What Nintendo can teach us

Growing up, I have played a tonne of computer games.

Further, I played them with the tenacity of a rabid bulldog. I never procrastinated. I never gave up. I kept at a game until I finished every ‘quest’.

As a grown-up, I wish I could bring that kind of drive to my real-world projects. With most of these, however, I am unfocused and give up before I have given them my best shot. Why does this happen?

A video-game is designed such that the game starts off being easy and gets progressively harder. With real world projects, your first big break is often the hardest – launching your first book, starting your first podcast or starting your successful first company are all much harder than doing them the second or the third time.

A video game also has clear goals and constraints – rescuing a princess, the bounds of the screen and the rules of the game engine. Real world projects are boundless in all those respect. The goals often need to keep shifting, and so too do our expectations and efforts, often giving us the feeling of running around in circles.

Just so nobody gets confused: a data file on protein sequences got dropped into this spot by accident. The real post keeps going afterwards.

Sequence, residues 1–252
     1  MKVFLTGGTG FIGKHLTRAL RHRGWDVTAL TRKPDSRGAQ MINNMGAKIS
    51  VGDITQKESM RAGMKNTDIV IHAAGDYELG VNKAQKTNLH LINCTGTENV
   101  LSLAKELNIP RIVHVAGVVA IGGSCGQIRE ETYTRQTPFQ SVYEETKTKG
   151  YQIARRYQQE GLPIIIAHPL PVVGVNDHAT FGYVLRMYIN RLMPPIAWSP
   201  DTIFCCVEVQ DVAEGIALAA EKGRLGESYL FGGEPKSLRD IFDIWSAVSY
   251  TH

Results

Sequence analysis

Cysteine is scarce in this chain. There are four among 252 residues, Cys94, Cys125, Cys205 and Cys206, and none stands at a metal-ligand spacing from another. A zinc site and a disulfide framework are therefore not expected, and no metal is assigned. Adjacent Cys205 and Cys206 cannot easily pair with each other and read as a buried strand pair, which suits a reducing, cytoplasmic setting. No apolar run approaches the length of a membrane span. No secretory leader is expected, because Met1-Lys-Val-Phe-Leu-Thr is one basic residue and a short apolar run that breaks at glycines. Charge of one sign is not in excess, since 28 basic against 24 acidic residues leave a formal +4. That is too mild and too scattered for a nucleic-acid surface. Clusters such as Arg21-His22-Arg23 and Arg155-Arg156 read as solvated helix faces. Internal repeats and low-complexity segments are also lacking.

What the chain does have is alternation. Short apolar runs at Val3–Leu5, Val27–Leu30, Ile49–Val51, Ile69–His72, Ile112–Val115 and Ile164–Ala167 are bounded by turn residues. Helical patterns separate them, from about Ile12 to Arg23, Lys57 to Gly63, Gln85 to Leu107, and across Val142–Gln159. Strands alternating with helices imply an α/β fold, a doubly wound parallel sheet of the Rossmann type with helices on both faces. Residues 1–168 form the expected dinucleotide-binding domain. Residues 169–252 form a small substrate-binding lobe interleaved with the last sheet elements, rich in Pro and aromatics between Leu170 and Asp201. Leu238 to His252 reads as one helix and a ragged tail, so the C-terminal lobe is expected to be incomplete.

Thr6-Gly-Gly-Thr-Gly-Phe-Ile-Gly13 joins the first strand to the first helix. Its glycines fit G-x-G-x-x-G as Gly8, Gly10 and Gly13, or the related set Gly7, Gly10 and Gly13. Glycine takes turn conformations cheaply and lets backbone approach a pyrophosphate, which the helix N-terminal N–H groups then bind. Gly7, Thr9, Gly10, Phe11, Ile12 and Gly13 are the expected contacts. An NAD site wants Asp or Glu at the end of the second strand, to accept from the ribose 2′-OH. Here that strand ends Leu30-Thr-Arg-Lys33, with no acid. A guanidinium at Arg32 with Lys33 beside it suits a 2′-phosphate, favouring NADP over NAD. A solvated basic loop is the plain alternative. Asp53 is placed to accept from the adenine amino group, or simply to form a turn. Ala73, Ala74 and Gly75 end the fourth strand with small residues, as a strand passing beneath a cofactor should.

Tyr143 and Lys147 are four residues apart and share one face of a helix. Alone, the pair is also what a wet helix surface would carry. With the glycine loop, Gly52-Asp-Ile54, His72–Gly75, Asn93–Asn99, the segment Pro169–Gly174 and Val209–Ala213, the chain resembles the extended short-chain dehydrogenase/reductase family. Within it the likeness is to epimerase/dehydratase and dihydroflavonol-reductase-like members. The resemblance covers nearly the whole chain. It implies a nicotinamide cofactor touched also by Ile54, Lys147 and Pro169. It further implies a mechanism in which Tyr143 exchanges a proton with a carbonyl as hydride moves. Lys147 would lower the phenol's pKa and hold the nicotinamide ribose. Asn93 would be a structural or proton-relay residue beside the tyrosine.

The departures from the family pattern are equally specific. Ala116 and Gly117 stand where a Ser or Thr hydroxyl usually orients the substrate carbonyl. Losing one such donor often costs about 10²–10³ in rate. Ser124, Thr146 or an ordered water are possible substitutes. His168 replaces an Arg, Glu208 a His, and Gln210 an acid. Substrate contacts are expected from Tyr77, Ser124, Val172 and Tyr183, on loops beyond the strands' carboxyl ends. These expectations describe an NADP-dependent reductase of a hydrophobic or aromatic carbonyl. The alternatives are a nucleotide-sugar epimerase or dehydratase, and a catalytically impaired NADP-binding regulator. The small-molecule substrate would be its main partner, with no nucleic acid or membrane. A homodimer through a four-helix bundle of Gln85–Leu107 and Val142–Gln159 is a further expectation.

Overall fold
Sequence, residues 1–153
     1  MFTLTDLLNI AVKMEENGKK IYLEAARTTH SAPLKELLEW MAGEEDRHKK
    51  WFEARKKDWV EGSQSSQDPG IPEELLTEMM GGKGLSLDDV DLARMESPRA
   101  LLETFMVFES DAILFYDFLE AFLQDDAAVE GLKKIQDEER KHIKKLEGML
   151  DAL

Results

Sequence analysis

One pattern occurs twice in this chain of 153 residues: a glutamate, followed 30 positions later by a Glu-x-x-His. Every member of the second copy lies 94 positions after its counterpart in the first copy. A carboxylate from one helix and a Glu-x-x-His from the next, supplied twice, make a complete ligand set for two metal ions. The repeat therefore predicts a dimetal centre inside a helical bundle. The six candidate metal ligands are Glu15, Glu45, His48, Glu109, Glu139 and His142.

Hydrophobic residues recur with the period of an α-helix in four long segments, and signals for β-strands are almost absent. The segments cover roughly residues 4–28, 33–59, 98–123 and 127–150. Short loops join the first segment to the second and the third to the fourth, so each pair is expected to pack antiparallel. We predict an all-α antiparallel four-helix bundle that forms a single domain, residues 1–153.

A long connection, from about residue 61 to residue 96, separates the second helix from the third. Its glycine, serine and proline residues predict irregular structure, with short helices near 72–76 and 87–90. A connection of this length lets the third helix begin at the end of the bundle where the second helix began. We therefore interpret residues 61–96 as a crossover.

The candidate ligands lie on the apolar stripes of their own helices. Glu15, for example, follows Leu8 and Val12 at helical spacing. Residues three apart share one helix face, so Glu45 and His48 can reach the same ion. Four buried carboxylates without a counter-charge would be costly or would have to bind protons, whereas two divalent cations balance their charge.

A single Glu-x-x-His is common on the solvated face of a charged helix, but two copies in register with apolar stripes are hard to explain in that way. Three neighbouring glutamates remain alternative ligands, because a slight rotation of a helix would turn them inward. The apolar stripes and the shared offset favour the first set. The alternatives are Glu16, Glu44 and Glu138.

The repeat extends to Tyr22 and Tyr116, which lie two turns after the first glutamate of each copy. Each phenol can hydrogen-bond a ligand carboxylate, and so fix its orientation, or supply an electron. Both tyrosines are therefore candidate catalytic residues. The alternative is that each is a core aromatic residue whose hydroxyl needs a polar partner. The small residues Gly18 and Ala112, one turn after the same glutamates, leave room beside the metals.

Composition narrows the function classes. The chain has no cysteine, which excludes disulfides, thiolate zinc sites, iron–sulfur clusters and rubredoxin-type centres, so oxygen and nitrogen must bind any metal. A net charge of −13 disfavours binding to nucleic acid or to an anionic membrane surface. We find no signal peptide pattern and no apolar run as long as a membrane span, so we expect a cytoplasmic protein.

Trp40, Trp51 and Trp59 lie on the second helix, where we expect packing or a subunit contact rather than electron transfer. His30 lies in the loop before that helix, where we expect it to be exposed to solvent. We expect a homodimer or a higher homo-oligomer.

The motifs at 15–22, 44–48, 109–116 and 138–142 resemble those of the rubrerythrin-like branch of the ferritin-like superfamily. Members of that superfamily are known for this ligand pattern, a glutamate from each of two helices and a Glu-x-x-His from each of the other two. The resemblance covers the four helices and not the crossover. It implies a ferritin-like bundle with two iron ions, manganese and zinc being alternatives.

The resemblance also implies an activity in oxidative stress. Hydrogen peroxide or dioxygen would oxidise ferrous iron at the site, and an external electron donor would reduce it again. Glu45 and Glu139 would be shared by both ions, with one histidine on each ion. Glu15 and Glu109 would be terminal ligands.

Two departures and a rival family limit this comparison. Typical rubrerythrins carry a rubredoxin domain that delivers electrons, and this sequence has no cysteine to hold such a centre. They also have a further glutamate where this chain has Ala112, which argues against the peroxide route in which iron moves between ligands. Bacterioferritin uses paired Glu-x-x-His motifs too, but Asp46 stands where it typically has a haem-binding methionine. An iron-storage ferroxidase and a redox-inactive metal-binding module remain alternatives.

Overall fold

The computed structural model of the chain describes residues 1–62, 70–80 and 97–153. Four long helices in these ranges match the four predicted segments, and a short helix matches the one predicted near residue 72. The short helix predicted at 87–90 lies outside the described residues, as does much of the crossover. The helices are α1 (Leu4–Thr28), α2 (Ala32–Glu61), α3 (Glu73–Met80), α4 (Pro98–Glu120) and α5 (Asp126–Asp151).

Now that I am out of excuses, here is the real reason.

A video-game is crafted by a game designer. Designing a video game is an ordeal – one that we don’t really acknowledge when we go around fragging zombies and collecting power-ups. The essence of why I was hooked to games until I finished it was because of the tenacious effort that somebody put into creating them. I don’t nearly invest that much effort into designing my real world projects.

In essence, if you wish to make your real world projects as enjoyable as a video-game, you need to invest the effort to break it down into levels, define your constraints and design your experience.

We could all learn from the creators of video games 🙏.

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